Tim Scowden, a gay resident of Morehead completing his graduate work in secondary education at MSU, had been on a first-name basis with Davis. He’d even written her a letter after her initial refusal to authorize marriage licenses, telling her how much she reminded him of his mother, a woman who had been so devoted to her religion that she wouldn’t spend time with Scowden or his partner before she’d died because she was afraid of how God would react. Morehead’s veneer of politeness did not extend to family members who “transgressed,” necessarily, and that’s one of the reasons that Scowden believes Davis was elected. “She’s common,” he said, “and I don’t mean that in a negative way.”

Scowden didn’t believe that this was all a ploy for attention, or for the inevitable book deal or Duck Dynasty-style endorsement. “I wouldn’t have been able to do this 10 years ago, but I think I’m able to separate the personal from the political,” he said. “The Kim that I have gotten to know is genuinely nice. I never heard her say anything or saw her do anything that I thought was untoward. But she’s wrong, and it bothers me that she’s doing this, after all the gay community has fought for.”

“Will you say anything to her if you see her back at work?” I asked.

“You know, I might,” Scowden said, even-tempered. “If it’s in front of other people I’ll be nice. I’ll be friendly. If it happens to be just me and her standing there, I will say something about how I’m really disappointed in what she did. I know she has her reasons, but it was wrong.”

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Scowden loves Morehead, but he agreed that homophobia remains a latent problem. He doesn’t hide his sexuality, but “doesn’t advertise it either.” Our interview, he said, would be the first time that he’d really be coming out to the town. Like Liz, who had been worried about losing her job, Scowden is a little concerned how people might take it. He’s working towards being a teacher and he wondered whether it would be difficult to be hired as an openly gay man in the county. He pointed to MSU’s liberalizing influence, as well as an inevitable disconnect between the town and the university.

I sat down with members of the school’s LGBT+ organization, Allyance, who said that coming out has caused problems for them. A member named David said that he’d just had to move because his roommate’s parents had found out he was gay and demanded that he go. Becca, an out lesbian, said that it’s hard to feel like homosexuality and being religious are mutually exclusive. “There’s so many of us that are on that fence where we believe this one thing but every time you go to church you get preached hate, hate, hate, hate.”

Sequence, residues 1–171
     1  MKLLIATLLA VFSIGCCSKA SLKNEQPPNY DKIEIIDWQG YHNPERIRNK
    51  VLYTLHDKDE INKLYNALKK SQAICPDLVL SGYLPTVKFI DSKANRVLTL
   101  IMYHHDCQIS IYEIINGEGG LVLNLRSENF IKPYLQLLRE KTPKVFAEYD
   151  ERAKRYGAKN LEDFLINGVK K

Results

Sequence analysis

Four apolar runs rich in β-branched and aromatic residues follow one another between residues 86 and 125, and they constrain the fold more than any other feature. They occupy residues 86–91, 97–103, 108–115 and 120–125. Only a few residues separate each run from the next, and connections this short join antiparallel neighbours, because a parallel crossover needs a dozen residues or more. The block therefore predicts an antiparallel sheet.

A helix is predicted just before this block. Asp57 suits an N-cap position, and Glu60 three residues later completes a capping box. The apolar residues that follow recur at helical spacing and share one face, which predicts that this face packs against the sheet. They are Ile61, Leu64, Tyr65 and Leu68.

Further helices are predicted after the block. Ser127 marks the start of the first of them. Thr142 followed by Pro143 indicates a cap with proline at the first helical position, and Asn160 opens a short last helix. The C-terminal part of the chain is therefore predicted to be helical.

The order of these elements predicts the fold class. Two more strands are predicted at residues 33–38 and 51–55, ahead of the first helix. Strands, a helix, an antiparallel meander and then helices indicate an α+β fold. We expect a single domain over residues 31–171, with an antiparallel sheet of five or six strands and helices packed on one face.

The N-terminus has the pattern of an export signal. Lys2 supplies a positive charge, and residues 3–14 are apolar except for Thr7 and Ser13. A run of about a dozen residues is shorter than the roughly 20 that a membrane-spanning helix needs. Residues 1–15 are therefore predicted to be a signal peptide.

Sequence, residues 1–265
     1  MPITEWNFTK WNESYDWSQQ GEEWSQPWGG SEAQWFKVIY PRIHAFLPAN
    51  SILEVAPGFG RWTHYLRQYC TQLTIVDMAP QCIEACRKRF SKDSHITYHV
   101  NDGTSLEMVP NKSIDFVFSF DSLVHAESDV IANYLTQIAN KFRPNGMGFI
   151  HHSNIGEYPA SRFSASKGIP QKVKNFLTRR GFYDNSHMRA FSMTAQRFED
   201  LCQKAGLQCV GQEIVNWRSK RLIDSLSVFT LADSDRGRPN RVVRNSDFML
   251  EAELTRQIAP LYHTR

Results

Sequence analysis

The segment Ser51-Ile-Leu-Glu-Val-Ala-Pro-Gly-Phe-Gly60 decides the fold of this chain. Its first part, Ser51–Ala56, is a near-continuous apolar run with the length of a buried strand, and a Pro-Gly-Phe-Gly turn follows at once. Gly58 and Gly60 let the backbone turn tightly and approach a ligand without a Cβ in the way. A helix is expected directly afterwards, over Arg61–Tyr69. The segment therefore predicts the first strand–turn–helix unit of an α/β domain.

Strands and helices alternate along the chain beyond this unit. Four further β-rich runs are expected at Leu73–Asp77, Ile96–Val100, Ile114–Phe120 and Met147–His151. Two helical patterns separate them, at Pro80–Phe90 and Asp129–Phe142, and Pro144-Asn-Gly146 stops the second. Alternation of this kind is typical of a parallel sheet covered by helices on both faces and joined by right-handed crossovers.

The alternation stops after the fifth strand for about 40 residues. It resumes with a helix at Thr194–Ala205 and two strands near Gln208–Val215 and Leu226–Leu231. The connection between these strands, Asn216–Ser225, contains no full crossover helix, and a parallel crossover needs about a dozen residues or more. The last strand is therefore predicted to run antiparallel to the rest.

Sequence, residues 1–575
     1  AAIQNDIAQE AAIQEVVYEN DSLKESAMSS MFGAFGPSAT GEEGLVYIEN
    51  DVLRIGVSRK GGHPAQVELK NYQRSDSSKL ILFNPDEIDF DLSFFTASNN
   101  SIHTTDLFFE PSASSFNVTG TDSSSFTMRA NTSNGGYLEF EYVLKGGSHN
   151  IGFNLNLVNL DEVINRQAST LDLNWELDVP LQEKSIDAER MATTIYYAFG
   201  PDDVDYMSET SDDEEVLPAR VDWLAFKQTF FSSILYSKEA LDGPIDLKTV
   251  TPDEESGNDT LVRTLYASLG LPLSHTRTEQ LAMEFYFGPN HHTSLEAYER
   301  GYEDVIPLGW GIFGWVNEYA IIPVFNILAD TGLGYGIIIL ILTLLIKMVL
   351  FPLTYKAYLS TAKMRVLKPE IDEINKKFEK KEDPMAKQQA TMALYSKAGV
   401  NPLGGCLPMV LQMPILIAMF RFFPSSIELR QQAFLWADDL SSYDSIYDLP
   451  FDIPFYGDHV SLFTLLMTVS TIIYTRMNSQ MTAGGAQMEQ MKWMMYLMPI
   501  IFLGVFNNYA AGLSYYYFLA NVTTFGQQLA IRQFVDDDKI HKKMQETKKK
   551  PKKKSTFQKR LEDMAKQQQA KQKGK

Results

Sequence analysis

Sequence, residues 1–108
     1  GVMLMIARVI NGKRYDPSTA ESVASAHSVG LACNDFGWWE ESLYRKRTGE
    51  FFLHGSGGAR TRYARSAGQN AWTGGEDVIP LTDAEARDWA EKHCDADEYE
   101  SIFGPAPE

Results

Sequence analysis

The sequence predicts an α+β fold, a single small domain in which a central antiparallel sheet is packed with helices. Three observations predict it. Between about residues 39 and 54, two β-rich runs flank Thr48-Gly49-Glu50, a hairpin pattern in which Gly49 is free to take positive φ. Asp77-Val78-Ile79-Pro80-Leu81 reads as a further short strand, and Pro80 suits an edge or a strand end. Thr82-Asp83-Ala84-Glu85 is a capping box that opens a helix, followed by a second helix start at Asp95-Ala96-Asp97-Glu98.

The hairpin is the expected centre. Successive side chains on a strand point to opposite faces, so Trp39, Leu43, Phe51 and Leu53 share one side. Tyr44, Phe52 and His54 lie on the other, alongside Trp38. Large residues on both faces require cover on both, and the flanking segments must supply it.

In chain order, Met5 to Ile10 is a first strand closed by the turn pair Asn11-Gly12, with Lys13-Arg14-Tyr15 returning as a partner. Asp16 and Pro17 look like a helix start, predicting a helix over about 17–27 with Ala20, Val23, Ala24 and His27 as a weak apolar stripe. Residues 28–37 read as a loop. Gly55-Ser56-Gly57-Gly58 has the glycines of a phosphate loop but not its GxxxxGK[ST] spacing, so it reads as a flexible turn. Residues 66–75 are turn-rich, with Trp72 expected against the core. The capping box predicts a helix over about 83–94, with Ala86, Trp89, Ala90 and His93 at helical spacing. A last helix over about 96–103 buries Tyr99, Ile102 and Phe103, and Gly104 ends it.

“It’s funny,” David said, “because a lot of people who come out here don’t really just abandon their faith or whatever they grew up with. You’re out here protesting and such, and you’re not protesting against strangers.”

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He added, “These are your neighbors. These are people you would go to church with. People you work with and see on an everyday basis that you’re looking at and they’re saying terrible things to you. It’s really hard to completely distance yourself. You’re at a very personal level with people that you’re trying hard to change.”

“I was born Catholic too,” said a member named Dylan, who’s been with Allyance for several semesters. “I like my faith. And it’s nice to see other people who are in my shoes, who also try to find a balance between their beliefs and their sexuality. It doesn’t have to be like, choose one or the other. You can join tradition with today’s age.”

Members of the group agreed that there’s still much work to be done. Allyance has a growing presence at the university and in town—the group meets weekly to plan events and offer each other resources and support. When a member needs to find housing, as in David’s case, Allyance helps. They explained their situation by saying that Morehead was gay-friendly with an asterisk.

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“The university is gay-friendly for rural Kentucky,” David said. “For rural Kentucky, it’s great.”

He added, “But it’s a very small town.”

An hour after the rally, we were back at Morehead State, getting married. I’d called a few churches, looking for an officiant, but no one had picked up. Another possible officiant I’d called was away in Cincinnati. Finally our videographer, Hayley, went online and got ordained through The Universal Life Church. She downloaded a short ceremony text and married us in front of a bell tower that stands in the middle of campus. The word “LOVE” was emblazoned on one side of the structure; “JUSTICE” glinted on another. Allen and I posed for pictures as my brother directed, reminding us that we should look like we were happy to be there.

It was strange to be married so soon after a rally devoted to ripping the right out of our hands. But it felt exhilarating, even fun. Neither of us felt like we had been activists, but both of us felt like we had stood up for ourselves. We talked about how, now that Davis was out of jail, maybe more gay couples would come into town to get married, to celebrate in front of the courthouse until the sight of them was just as normal as the sight of prayer circles. And that night, in our hotel room, we fell asleep as soon as we got into bed, too exhausted to do anything but hold hands as we passed out.